ERIC Number: EJ982536
Record Type: Journal
Publication Date: 2012-Apr
Reference Count: N/A
High School Board Exams: New Life or More of the Same for Public Education?
Cooper, Mary Ann
Education Digest: Essential Readings Condensed for Quick Review, v77 n8 p61-64 Apr 2012
The Department of Education has been under attack by people motivated by the perceived failure of the system to improve educational achievement on the elementary and high school levels or the desire to dramatically reduce spending and waste during troubled economic times. A new program introduced in four states seems to address competency and spending--but is it the tonic needed to invigorate or just a Band-Aid on the social compact of public education? The program allows 10th-graders who are able to pass competency tests in key subjects the opportunity to receive a high school diploma and immediately enroll in a community college. If students fail these so-called board exams, they can retake them in junior and senior years. Students who pass them can opt to stay in high school and finish their junior and senior years with college-prep courses so they can apply to a four-year institution. The program Excellence for All (formerly the Board Examination Systems Program) was organized by the National Center on Education and the Economy (NCEE) and is modeled after programs in Denmark, England, Finland, France, and Singapore. The idea is that this narrow cast, double-down approach, focusing 9th- and 10th-grade studies on basic skills, would reduce the number of high school graduates (now more than a million) enrolling in college who still need remedial courses. These students completed high school with the expectation that they are prepared for college-level courses only to find that they can't take them without first passing remedial courses. The students are more likely to become discouraged and drop out. NCEE suggests that Excellence for All would reduce the need for remediation, the number of college dropouts, and the necessity of remedial courses at community colleges, because the board exams for the 10th grade would tie passing grades to what a student would need to know to pass a first-year college course.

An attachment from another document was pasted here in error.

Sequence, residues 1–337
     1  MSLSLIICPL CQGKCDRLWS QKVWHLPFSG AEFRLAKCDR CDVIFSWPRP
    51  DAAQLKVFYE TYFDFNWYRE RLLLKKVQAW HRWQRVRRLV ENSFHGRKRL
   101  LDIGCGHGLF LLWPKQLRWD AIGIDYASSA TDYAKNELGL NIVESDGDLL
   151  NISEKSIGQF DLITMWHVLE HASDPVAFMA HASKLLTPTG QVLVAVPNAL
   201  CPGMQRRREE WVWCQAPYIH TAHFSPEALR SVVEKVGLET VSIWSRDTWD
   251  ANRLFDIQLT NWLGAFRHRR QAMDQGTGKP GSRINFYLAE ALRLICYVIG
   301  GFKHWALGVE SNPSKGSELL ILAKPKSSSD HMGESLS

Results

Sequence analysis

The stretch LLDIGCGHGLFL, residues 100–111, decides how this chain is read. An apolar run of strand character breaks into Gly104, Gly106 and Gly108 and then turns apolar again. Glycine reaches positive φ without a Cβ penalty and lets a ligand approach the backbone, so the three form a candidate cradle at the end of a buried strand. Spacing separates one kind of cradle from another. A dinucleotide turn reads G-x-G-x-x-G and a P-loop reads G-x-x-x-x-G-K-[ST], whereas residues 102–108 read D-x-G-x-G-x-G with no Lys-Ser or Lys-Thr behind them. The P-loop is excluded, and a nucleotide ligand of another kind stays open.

Descriptors: Public Education, Educational Practices, Cost Effectiveness, Educational Administration, Grade 9, Grade 10, Community Colleges, Remedial Instruction, Dual Enrollment, Criticism, Problem Solving, Minimum Competency Testing, History Instruction, Mathematics Achievement, Science Achievement, Program Implementation, Financial Support, Acceleration (Education)
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Publication Type: Journal Articles; Reports - Descriptive
Education Level: Grade 10; Grade 9; High Schools; Secondary Education
Authoring Institution: N/A
Identifiers - Location: Arizona; Connecticut; Kentucky; Mississippi